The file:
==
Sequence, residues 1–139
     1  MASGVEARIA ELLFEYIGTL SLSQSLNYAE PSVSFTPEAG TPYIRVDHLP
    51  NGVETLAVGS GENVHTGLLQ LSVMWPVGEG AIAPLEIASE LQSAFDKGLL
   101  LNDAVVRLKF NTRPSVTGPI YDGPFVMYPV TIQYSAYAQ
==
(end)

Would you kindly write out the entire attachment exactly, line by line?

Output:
Sequence, residues 1–139
     1  MASGVEARIA ELLFEYIGTL SLSQSLNYAE PSVSFTPEAG TPYIRVDHLP
    51  NGVETLAVGS GENVHTGLLQ LSVMWPVGEG AIAPLEIASE LQSAFDKGLL
   101  LNDAVVRLKF NTRPSVTGPI YDGPFVMYPV TIQYSAYAQ